July 13, 17:00 pm
Professor Josiah Kahane, Faculty of Design (currently on sabbatical in California) at the HIT - Holon Institute of Technology
Josiah is talking about "Semantic Typology of Contemporary Product Families"
Josiah is interested in visual information, especially in 3D representation of complex information. The cognitive sciences confirm that humans have innate capabilities to rapidly process visual information dealing with spatial location, face and object recognition and form details. A few linguists even claim that semantic meaning of language is often based on envisioning the physical world. So what is a visual language? What does it have in common with verbal language? Being an industrial designer, he focus his investigation on the meaning of man-made objects –"product semantics"
His presentation topic is "Semantic Typology of Contemporary Product Families" – he tries to chart the evolution of several recent lines (families) of man-made objects and try to rationalize the visual changes that occur in them in time, in evolutionary and linguistic terms.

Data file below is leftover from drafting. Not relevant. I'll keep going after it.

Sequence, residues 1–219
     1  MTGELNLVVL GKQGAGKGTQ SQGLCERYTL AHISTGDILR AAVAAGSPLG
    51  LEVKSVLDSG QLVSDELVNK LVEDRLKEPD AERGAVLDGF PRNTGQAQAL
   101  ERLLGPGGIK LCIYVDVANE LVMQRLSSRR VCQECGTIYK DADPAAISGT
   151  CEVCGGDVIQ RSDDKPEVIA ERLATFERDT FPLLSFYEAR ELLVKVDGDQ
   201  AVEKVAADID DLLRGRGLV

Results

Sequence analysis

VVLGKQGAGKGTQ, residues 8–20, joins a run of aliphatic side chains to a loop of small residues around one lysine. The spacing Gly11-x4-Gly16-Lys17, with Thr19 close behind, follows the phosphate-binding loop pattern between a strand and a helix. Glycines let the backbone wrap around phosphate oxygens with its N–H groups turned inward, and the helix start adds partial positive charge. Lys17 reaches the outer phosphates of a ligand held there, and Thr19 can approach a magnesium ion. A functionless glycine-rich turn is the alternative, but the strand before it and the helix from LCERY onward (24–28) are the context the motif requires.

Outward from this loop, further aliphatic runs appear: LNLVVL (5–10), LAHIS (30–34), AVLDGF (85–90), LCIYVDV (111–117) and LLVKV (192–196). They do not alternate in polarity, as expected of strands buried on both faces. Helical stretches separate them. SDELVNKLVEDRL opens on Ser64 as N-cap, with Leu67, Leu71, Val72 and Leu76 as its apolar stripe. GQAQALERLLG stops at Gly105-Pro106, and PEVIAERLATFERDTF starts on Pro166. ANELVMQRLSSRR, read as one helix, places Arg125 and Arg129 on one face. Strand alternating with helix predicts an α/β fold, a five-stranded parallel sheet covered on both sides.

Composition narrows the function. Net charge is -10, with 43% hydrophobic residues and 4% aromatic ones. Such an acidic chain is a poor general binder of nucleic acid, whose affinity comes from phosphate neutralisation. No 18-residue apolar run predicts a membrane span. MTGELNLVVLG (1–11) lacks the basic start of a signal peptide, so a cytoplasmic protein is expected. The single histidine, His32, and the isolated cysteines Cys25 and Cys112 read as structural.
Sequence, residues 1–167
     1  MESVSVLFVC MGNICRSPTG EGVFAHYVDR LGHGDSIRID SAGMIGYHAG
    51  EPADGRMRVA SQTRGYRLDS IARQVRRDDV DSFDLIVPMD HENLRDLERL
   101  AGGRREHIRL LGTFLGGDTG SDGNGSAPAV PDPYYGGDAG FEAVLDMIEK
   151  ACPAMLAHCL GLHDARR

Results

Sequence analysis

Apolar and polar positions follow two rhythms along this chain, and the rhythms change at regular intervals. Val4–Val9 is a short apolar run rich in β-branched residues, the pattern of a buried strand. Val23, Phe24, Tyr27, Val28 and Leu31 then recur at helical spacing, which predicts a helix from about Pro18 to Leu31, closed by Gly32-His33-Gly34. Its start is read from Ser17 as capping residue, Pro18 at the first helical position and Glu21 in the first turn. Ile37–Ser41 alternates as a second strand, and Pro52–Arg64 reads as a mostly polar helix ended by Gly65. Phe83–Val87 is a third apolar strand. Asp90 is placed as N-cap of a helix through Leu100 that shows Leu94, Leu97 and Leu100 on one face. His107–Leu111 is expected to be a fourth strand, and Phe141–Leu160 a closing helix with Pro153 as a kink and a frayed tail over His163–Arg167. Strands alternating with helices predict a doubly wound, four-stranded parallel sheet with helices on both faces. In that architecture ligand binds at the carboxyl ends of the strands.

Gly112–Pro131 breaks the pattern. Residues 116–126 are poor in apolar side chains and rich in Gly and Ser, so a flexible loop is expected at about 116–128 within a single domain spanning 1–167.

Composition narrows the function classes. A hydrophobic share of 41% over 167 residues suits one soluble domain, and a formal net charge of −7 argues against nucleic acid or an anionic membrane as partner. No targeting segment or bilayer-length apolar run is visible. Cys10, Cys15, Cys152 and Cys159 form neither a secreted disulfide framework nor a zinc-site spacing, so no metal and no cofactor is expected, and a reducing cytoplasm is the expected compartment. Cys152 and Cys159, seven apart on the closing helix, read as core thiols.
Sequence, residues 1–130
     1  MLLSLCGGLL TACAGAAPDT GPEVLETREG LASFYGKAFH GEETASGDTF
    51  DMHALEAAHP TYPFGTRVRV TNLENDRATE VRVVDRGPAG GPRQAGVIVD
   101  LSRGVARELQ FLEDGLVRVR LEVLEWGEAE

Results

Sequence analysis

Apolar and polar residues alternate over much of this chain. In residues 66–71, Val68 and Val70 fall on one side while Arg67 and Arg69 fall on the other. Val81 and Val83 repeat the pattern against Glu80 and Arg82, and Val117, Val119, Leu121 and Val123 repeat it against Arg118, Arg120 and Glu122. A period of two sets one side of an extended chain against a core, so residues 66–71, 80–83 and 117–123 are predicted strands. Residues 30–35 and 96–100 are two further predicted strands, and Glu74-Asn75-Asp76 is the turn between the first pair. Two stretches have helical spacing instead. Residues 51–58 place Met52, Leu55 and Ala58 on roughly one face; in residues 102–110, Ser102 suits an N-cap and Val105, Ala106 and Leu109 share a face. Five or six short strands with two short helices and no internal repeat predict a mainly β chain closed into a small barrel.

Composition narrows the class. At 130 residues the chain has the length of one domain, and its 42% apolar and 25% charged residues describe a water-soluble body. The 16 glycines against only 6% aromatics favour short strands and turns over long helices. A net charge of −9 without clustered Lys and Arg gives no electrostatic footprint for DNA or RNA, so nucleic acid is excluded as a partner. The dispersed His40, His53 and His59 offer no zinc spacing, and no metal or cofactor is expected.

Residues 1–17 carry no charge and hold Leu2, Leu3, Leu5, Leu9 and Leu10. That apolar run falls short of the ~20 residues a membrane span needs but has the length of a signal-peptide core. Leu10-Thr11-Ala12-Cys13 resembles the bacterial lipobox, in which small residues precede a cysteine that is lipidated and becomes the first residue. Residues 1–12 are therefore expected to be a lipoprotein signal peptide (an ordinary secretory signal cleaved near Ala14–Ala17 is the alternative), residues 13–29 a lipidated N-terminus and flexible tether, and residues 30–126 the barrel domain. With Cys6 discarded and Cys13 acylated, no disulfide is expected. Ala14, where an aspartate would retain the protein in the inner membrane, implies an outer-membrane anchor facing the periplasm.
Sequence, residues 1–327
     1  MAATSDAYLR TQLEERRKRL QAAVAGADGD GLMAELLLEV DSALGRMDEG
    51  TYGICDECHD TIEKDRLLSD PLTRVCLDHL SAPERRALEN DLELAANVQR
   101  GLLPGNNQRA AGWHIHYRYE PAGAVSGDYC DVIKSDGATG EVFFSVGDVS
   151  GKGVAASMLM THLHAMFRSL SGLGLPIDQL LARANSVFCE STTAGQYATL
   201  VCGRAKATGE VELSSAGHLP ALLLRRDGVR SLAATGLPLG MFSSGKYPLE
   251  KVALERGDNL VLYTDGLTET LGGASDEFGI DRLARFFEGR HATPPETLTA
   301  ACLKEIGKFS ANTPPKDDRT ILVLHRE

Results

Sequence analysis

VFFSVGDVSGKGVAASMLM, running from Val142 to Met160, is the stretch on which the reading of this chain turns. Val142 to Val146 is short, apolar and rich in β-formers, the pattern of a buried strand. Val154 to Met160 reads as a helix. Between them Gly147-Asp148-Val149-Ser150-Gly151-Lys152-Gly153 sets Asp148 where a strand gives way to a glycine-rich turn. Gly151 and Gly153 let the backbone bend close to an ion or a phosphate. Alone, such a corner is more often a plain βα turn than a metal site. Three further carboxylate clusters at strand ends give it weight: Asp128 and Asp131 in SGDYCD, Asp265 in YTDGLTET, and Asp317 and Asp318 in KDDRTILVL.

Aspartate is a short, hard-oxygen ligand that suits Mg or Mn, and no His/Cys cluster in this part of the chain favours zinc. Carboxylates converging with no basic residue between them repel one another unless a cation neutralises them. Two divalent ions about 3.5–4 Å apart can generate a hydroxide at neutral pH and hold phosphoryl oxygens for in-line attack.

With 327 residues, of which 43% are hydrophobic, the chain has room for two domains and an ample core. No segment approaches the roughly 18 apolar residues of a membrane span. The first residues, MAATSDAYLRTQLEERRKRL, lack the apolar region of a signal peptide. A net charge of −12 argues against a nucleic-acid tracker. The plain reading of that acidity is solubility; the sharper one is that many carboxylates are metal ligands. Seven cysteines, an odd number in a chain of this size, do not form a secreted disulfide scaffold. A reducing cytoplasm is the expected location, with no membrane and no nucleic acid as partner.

Josiah Kahane is a professor of industrial design at the Holon Institute of Technology (HIT) in Israel. Josiah holds BA and MA degrees in industrial design from UCLA (1972). He has accumulated 35 years of experience as an academic educator in design and in academic management. In the last eleven years he has been the academic vice president at HIT. For several decades he also had a private design consulting office, working with Israeli hi-tech and medical industries. Presently he is on a two-year sabbatical leave at SFSU. His topics of interest are academic program development, the future of design education and design methodology.
September 7, 16:00 pm
Ellis Garai: "Fabrication and Characterization of a Raman Based Endoscopic Imaging Device for Cancer Detection."